Tag Archives: Star Wars

Movie Review: The Last Jedi

I just got home from seeing an early screening of Star Wars VIII: The Last Jedi, and if I could sum up my thoughts and feelings in a single word, it would have to be… unsatisfied.

It was a thoroughly enjoyable movie, with stunning visuals, good pace, spot-on comedy, and of course John Williams’ classic handiwork on the score, but while I enjoyed it during the act of viewing, when the end credits began to roll, I found myself staring at the screen and wondering what was missing.  There won’t be any spoilers in this review, so don’t worry on that front. I’ll be discussing this in a more abstract way, and arguing with people who have seen the movie about the fine details.

One of the biggest criticisms of The Force Awakens I heard from people is that Rey is a ‘Mary Sue’.  A character who can do no wrong and excels at everything she attempts. As one might have already gathered from the trailers, The Last Jedi disabuses us of this notion. She remains the same character, but circumstances change and she finds herself in scenarios that show us her flaws and weaknesses. This is a positive thing for her development arc, and yet I find myself more disappointed by the choices she makes now, as a more fully-fleshed character, than I did in The Force Awakens.

The other big attack on VII was that it was nothing more than a retread of IV: A New Hope. If you’re in that camp, I’m afraid you’re in for more of the same; The Last Jedi covered a lot of ground that had already been covered in both V: The Empire Strikes Back and VI: Return of the Jedi. I defended The Force Awakens because I felt that a little retreading and fanservice was useful, even needed, to reboot the Star Wars universe. I gave them the benefit of the doubt, and said I would render a more final judgement after Episode VIII. Well, VIII has come and gone, and I’m left feeling the fool. Again, there was a great deal to like about this movie, but the plot beats, and even some of the scenes and shot choices, were ripped directly from Episodes V and VI.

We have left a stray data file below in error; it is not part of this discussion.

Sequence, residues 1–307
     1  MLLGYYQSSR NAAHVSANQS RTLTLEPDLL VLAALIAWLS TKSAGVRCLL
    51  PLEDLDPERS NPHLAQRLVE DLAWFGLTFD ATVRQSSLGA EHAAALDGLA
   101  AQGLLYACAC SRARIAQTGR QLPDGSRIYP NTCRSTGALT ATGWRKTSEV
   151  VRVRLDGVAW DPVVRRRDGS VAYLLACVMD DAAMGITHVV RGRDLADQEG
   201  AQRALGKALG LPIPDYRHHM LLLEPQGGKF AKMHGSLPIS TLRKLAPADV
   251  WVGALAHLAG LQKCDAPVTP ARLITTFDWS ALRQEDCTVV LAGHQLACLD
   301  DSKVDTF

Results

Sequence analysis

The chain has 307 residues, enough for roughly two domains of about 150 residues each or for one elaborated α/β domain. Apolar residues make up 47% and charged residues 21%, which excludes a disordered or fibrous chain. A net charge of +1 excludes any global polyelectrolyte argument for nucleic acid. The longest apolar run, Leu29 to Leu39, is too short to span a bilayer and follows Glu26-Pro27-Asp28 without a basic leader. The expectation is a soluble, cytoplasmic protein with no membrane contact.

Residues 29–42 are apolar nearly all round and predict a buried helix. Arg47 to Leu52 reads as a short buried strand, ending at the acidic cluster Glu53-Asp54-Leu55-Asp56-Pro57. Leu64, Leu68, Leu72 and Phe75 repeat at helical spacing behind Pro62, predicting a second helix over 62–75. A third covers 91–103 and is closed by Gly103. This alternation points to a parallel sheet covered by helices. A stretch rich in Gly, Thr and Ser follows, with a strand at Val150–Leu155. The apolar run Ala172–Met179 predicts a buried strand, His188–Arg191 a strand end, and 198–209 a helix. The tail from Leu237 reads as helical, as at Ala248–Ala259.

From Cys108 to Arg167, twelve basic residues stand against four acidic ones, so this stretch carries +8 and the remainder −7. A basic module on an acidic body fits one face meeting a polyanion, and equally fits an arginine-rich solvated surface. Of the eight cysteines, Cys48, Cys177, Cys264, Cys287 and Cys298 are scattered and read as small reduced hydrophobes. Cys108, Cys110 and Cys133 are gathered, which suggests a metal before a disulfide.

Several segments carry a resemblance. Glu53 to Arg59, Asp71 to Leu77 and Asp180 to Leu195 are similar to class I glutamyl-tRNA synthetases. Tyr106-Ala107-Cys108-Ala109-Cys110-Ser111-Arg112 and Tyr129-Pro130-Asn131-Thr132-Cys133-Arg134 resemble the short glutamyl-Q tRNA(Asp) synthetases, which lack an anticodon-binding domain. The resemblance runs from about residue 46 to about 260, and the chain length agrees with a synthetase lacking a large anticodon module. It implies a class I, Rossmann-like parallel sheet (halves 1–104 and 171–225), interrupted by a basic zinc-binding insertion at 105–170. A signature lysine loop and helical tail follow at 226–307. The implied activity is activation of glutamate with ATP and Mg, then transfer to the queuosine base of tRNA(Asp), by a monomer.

It wasn’t so far gone as to make me lose my hope for the series. After all, they’ve run out of old movies to copy, since they de-canonized the prequels, so anything they make now must be new material, new ground. This movie did, however, suffer from being the middle of a new trilogy. Unlike The Empire Strikes Back, held in many circles as the greatest of the original trilogy, The Last Jedi fails to offer us anything concrete to carry into the next movie. The plot twists and character arcs were either deliberately unresolved or simply not well fleshed-out, so the entire movie ends up building a sense of anticipation that never really pays off.